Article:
Concerning the matter and manner of His worship the Lord has laid down a general principle to be followed by his people in all ages, places and circumstances: "What thing soever I command you, observe to do it; thou shalt not add thereto nor diminish from it." (Deut. xii., 32.) "All power," says Christ, "is given unto me in Heaven and in earth. Go ye, therefore, and teach all nations, baptizing them in the name of the Father and of the Son and of the Holy Ghost, teaching them to observe all things whatsoever I have commanded you." (Matt, xxviii., 18-20.)
There are irrefragable reasons for believing that the Psalms, commonly called the Psalms of David, and they only, have been divinely authorized to be sung in the worship of God. These Psalms are inspired, as none dispute, and hence are found in the canon of Scripture. They are lyric in structure, and consequently composed to be sung. They have been, under divine direction and superintendence, collected into one book, and hence give proof of being intended for general and continuous use. As a historical fact, they have been used in the worship of God through all the ages of the Church, and exclusively until the Second or Third Century, A. D. The law authorizing their use has never been repealed.
The Lord has not given the Church another book of praise as a substitute. O n the contrary, Christ and the Apostles used the Psalms of David exclusively in the worship of God, and Christ has, through His Apostles, given His seal to their exclusive right of use: "Let the word of Christ dwell in you richly in all wisdom; teaching and admonishing one another in psalms and hymns and spiritual songs, singing with grace in your hearts to the Lord." (Col. iii., 16; also, Eph. v., 19.)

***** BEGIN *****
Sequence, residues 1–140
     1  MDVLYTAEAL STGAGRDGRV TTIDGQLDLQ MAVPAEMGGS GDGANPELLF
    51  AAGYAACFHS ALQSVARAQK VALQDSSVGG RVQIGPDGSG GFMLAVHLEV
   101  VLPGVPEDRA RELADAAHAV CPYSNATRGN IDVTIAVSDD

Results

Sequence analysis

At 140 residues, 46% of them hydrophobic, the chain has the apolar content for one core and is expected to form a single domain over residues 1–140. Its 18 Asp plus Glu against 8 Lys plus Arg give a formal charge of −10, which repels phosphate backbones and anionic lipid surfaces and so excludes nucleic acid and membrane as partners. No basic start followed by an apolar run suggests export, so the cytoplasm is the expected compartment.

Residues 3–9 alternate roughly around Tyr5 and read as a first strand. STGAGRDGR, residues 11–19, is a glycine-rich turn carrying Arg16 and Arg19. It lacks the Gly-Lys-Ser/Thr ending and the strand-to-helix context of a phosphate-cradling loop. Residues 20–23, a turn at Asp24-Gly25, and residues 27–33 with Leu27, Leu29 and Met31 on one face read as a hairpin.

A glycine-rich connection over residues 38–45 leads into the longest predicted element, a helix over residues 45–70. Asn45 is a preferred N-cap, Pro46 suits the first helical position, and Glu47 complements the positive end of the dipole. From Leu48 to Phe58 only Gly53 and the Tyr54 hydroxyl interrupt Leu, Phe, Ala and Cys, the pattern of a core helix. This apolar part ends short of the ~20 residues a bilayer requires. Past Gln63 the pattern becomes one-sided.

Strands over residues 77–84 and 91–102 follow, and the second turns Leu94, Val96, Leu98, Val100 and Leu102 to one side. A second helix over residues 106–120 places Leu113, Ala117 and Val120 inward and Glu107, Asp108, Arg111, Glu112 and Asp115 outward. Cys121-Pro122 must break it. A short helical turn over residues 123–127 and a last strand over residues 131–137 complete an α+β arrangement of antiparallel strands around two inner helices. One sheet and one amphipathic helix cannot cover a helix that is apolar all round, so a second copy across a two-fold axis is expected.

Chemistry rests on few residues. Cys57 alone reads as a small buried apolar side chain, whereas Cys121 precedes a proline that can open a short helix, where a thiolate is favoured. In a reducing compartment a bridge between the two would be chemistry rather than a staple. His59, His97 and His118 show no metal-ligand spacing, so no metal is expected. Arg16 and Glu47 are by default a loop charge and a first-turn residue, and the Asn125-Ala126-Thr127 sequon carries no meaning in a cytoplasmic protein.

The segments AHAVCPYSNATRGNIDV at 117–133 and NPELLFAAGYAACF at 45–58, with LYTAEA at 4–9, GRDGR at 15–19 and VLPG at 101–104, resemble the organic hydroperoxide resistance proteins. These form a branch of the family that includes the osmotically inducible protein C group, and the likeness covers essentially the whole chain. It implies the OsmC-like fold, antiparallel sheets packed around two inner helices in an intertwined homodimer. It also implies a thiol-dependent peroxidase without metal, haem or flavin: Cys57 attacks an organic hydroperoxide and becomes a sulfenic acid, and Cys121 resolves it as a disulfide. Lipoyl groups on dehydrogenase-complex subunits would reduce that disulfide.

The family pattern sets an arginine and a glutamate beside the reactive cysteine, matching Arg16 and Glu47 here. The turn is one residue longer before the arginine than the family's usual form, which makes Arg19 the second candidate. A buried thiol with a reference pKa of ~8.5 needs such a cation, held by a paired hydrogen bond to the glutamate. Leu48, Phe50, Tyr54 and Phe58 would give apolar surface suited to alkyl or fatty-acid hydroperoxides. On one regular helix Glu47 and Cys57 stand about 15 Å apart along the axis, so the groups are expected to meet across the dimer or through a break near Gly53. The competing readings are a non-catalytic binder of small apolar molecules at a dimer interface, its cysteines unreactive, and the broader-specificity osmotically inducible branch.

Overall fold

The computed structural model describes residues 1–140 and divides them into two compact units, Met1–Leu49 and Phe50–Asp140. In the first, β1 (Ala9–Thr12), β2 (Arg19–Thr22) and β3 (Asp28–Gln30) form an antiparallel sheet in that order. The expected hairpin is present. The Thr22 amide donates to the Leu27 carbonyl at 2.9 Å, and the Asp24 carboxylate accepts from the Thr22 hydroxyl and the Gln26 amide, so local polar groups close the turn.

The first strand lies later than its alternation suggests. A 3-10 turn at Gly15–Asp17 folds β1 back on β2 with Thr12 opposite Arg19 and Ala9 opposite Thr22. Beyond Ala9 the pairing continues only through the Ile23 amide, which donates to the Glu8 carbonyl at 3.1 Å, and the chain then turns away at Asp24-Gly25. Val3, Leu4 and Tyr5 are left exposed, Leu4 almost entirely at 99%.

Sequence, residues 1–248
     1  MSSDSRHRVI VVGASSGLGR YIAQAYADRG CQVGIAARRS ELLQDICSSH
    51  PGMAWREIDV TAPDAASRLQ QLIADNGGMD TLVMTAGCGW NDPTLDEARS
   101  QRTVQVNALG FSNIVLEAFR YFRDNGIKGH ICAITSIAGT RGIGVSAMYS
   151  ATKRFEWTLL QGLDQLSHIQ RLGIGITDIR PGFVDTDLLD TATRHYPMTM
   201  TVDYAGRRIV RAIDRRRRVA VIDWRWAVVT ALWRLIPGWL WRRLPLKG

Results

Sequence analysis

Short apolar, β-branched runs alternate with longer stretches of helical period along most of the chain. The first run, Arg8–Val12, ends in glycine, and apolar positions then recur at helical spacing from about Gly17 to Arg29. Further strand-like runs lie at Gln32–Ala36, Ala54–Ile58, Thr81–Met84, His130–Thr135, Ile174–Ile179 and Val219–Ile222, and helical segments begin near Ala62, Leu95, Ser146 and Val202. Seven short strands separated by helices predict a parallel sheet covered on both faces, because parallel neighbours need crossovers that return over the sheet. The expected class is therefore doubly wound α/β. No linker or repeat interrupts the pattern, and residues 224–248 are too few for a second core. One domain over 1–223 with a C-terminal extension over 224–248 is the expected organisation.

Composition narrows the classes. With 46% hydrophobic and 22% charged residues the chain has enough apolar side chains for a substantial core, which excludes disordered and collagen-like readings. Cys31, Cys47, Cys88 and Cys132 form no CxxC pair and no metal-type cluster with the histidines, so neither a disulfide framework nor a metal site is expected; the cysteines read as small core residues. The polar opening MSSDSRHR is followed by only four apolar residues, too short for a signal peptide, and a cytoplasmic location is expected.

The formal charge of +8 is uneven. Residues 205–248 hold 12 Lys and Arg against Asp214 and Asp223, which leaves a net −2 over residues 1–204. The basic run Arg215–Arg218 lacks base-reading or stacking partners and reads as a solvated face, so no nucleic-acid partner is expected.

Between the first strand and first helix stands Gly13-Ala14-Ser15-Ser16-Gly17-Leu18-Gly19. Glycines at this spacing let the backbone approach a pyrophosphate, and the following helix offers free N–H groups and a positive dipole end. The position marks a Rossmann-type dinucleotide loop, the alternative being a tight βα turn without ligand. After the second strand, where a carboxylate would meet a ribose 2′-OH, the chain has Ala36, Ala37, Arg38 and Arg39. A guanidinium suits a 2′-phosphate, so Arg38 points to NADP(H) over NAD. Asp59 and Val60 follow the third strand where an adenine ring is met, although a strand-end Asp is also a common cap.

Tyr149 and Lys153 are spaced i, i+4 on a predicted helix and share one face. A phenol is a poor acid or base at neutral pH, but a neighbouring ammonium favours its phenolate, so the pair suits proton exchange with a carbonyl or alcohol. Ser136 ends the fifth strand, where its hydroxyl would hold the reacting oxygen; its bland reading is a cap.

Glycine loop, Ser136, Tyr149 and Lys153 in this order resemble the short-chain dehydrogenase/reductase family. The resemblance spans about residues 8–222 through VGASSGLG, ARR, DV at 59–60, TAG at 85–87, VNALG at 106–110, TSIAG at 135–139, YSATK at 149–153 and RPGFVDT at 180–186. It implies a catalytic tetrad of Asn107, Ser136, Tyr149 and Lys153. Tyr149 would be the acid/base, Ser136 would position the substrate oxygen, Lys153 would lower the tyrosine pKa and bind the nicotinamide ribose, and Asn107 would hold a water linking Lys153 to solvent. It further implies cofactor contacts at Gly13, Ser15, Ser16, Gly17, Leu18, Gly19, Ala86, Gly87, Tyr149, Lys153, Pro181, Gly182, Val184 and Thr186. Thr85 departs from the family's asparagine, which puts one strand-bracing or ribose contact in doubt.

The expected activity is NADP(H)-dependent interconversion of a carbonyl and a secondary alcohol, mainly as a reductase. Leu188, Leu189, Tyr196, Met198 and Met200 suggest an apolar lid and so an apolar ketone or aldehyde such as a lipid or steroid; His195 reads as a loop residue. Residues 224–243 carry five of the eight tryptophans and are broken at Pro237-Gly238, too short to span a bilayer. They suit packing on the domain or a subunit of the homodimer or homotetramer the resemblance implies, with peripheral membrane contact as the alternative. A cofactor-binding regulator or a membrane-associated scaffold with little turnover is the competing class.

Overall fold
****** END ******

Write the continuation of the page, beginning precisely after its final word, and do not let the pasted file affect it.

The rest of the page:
In connection with the singing of praise in the worship of God there has crept into the modern Church a corruption in the use of instruments of music. It is deemed that there is no Divine authority for this innovation. In the pattern of the Tabernacle which God gave to Moses, after which he was to construct a place of worship, no mention is made of instruments of music, and in harmony with a principle now well-established that what is not commanded is forbidden, instruments of music were not introduced by Moses.
Instruments of music were introduced into the Tabernacle worship in the later years of David's life, and also into the Temple worship; but only at the plain command of God. In the reconstruction of the Church in N e w Testament times no mention is made of instruments of music by Christ and His Apostles in their instructions concerning the mode of worship, and New Testament history and early Church history, their use before the Tenth or Eleventh Century of the Christian Era.
I. That pastors be urged to present the subject to their congregations at least once during the year.
2. That parents be urged to continue the old practice of having their children memorize the Psalms.